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Mutations in the TGFBI gene lead to the accumulation of amyloid deposits in the cornea
Mutations in the TGFBI gene lead to the accumulation of amyloid deposits in the cornea

Corneal Dystrophy, Avellino Type

Clinical Characteristics

Ocular Features

There is little to support the designation of a corneal dystrophy as ‘Avellino type’ but it is included in this database because it is entrenched in the literature.  It has features of both lattice dystrophy, type I, and granular dystrophy type I, which might be expected since all of these result from mutations in the same gene, TGFBI on chromosome 5.  Not surprisingly, reported cases have clinical and histological features of both lattice and granular dystrophy and hence are labeled as having combined granular-lattice corneal dystrophy.  There is considerable variation of the nature and quantity of the stromal deposits both within and among families, a common characteristic of autosomal dominant disorders.  Even though clinical evidence may suggest primarily lattice or granular dystrophy, histological studies can reveal changes characteristic of both.

Early cases could be traced to the Avellino region of Italy from which the title was derived but more recent reports have described families from around the world.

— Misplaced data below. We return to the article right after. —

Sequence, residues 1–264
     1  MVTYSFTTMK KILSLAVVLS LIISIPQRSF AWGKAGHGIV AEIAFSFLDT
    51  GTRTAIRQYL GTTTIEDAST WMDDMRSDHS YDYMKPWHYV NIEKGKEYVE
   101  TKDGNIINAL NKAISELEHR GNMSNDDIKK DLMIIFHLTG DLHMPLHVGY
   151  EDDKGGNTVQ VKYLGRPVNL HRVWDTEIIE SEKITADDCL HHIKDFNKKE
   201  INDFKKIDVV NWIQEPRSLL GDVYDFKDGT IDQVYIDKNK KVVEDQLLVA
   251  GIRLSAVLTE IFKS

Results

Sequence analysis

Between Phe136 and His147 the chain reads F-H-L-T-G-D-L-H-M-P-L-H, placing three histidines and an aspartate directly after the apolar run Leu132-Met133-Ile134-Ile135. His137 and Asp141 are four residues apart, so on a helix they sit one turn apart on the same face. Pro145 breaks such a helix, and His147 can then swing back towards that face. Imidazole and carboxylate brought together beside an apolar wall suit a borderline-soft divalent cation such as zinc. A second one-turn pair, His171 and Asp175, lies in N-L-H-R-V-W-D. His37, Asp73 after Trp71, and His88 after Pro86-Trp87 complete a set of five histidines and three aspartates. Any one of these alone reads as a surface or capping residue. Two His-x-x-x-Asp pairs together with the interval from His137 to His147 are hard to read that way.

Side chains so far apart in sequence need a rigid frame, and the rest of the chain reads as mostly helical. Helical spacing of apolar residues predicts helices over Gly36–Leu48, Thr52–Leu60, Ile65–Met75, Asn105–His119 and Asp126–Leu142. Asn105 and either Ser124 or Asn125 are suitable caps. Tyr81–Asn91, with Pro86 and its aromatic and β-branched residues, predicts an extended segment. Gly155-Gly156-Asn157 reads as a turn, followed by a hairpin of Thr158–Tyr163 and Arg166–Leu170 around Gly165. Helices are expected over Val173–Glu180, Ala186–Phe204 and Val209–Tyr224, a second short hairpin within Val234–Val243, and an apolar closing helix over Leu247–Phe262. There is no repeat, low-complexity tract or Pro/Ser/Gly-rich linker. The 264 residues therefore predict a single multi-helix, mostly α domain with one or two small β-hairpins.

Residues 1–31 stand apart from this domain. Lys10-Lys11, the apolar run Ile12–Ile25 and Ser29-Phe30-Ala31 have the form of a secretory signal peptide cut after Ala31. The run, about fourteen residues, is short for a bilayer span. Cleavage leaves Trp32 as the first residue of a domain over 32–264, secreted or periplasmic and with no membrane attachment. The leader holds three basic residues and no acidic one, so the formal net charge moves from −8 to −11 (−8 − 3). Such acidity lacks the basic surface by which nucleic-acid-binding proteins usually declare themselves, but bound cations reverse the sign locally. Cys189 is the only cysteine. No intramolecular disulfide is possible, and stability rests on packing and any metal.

Systemic Features

No systemic disease is associated with this disorder.

Genetics

Mutations in the TGFBI (5q31) have been found in this so-called combined dystrophy.   Autosomal dominant transmission is evident from familial cases.  Mutations in the same gene also cause Thiel-Behnke (602082), Reis-Bucklers (608470), granular (Groenouw) type I (121900), lattice type I (122200) and epithelial basement membrane dystrophy (121820).  The combined features of lattice and granular dystrophies in the same corneas resulting from mutations in the same gene calls into question the value of relying solely on clinical and histological evidence to classify disease.  Modern genotyping now enables greater accuracy in the nosology and already the Cornea Society has incorporated this information in its recent reclassification of these dystrophies (Cornea Society IC3D Corneal Dystrophies©). 

Treatment Options

Penetrating keratoplasty can improve vision at least temporarily but deposits tend to recur.  LASIK has been reported to exacerbate the number and density of the opacities.  Patients treated with PRK may do better and can retain corneal clarity for a decade or more.

References

Kennedy SM, McNamara M, Hillery M, Hurley C, Collum LM, Giles S. Combined granular lattice dystrophy (Avellino corneal dystrophy). Br J Ophthalmol. 1996 May;80(5):489-90.

PubMed ID: 
8695579

Jun RM, Tchah H, Kim TI, Stulting RD, Jung SE, Seo KY, Lee DH, Kim EK. Avellino corneal dystrophy after LASIK. Ophthalmology. 2004 Mar;111(3):463-8.

PubMed ID: 
15019320

Park SH, Mok J, Joo CK, Kim MS. Heterozygous Avellino corneal dystrophy 9 years after photorefractive keratectomy: natural or laser-induced accelerated course? Cornea. 2009 May;28(4):465-7.

PubMed ID: 
19411970